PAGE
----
Statute of limitations sets out the maximum time or period after an event within which a legal action may be initiated. The time limitation protects both the plaintiff and the defendant in a legal case in that it deems it appropriate to file the action while the evidence has not deteriorated or disappeared. In many products liability cases against corporations, the statute of limitations protects the company from continuously being sued for incidents that have happened throughout its history. It also gives the parties the opportunity, or essentially forces them, to move on with their lives. The time periods for statutes of limitations depends on the specific type of action that will be brought and also varies from state to state.
In Rhode Island, the statutes of limitations for civil proceedings are found in Title 9, Chapter 9.1 of the General Laws of Rhode Island. Civil lawsuits must generally be filed within three years from when the cause of action has arisen. Examples of the type of civil cases that must be brought within three years of the accident or occurrence include medical malpractice, personal injury, and wrongful death cases.
However, products liability cases may be filed within ten years after purchase, not the injury. This extended statute of limitations also highlights the balance in allowing injured parties to bring claims for defective products and the protection granted to businesses that, although are under a duty to continuously ensure its products’ safety, are insulated from a floodgate of old lawsuits concerning products that are not manufactured or marketed anymore.
However, the failure to bring a claim within the statute of limitation time frame may not always prohibit you from bringing an action. In these circumstances, the statute of limitations is considered “tolled.” This means that there is a justification to delay the beginning or temporarily stop the statute of limitations from running for a certain period of time. This happens when the victim or the injured person is a minor or mentally incompetent, except in case of medical malpractice or wrongful death.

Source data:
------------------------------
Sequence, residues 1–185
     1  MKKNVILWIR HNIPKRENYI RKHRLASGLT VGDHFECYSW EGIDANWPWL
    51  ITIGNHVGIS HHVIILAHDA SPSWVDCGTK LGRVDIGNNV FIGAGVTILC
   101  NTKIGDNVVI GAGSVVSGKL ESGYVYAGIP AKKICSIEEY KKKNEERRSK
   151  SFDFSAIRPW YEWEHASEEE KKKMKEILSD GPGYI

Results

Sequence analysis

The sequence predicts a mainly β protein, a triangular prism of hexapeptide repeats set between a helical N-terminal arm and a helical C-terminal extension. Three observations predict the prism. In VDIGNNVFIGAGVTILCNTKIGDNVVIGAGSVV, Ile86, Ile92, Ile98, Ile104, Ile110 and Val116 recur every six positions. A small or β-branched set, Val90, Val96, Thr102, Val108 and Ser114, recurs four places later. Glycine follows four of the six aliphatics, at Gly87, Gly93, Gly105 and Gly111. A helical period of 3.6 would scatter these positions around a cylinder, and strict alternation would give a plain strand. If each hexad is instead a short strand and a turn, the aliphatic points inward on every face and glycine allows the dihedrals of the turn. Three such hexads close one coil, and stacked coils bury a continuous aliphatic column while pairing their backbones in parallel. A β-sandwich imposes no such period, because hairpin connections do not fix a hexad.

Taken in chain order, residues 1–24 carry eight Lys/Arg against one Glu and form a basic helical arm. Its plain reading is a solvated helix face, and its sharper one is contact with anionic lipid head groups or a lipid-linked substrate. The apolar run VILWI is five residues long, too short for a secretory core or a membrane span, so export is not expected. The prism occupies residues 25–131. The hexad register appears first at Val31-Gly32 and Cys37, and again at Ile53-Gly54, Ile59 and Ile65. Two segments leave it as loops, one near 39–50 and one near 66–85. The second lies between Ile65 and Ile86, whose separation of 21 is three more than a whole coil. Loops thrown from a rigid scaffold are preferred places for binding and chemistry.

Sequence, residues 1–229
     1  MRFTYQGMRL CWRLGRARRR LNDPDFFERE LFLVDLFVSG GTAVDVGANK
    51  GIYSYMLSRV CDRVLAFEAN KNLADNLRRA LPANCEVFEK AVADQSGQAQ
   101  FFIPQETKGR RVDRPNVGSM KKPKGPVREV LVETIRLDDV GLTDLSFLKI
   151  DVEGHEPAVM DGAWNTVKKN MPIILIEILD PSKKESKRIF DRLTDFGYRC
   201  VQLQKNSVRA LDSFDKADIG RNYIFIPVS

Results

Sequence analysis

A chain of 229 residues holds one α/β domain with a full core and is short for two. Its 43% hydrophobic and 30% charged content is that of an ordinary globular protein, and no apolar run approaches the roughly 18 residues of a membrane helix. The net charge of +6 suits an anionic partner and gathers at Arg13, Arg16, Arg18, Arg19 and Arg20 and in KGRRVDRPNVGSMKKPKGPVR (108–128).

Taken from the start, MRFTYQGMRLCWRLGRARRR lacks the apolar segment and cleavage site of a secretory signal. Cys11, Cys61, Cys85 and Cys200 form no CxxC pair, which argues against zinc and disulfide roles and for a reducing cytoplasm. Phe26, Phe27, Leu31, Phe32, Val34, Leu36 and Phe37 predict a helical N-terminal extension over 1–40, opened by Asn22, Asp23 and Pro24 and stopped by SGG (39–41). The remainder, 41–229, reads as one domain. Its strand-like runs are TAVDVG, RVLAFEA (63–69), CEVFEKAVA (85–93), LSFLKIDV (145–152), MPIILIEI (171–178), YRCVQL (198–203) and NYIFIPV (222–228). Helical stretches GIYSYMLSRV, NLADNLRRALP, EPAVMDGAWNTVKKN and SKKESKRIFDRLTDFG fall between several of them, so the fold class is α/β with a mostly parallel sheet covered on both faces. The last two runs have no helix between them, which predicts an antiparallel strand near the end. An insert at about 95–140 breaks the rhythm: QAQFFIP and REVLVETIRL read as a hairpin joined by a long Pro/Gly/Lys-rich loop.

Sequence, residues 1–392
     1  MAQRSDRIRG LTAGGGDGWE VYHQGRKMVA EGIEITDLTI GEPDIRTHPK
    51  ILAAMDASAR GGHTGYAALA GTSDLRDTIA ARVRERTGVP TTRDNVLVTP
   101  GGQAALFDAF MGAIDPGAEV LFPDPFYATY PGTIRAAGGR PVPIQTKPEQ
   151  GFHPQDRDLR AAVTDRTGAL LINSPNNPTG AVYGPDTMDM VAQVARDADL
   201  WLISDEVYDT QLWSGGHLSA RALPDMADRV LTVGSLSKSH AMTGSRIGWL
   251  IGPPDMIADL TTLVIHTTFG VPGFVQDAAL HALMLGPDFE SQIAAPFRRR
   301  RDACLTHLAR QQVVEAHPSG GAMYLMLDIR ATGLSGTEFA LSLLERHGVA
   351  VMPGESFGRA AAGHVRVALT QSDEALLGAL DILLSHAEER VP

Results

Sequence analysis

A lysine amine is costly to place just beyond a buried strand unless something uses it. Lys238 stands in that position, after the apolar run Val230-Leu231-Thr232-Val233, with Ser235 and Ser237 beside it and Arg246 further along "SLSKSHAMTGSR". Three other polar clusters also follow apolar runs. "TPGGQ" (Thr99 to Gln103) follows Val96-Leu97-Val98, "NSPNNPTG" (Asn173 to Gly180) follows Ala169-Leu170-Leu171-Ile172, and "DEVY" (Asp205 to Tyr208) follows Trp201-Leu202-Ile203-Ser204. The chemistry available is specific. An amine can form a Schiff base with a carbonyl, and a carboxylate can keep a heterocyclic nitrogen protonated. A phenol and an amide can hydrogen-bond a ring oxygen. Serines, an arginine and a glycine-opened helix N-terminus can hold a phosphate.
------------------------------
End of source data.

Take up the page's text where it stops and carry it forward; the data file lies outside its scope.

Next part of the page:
The law also grants an exception to cases where the negligence could not have been discovered even with reasonable efforts of the plaintiff. As an example, if there was a situation where a medical malpractice error could only have been discovered two years after a procedure, then the effective time period for bringing a claim would be five years (two years to discover and then a three year statute of limitations would begin to toll.)
Don’t Wait to File a Claim!
Personal Injury Cases Have a Statute of Limitations!
If you think you have a RI Defective Products lawsuit or RI medical malpractice or personal injury claim, and have any doubt as to whether a statute of limitations bars you from bringing your claim, you should contact a RI personal injury lawyer or medical malpractice attorney immediately. The last thing that you should worry about is dealing with time limits in filing a potential claim against another party. The attorney at d’Oliveira & Associates work with some of the leading lawyers in handling personal injury, medical malpractice, product liability and wrongful death cases and will work to make sure your legal rights are protected. Please contact the law offices of d’Oliveira & Associates at 1-800-992-6867 or fill out a contact form for a free legal consultation.